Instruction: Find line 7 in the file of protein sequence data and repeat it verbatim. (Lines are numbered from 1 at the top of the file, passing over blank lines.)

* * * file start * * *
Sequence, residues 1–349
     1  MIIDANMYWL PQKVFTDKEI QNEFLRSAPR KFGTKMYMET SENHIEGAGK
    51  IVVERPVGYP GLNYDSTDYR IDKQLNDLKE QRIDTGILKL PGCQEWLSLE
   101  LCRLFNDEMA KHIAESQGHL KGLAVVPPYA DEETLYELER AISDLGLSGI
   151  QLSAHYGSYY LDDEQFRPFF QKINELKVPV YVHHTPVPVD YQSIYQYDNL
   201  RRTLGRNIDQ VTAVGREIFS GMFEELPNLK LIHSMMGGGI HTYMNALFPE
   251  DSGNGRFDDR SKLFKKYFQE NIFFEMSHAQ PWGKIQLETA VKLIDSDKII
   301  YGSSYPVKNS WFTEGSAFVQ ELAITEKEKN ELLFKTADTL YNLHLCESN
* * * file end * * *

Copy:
   251  DSGNGRFDDR SKLFKKYFQE NIFFEMSHAQ PWGKIQLETA VKLIDSDKII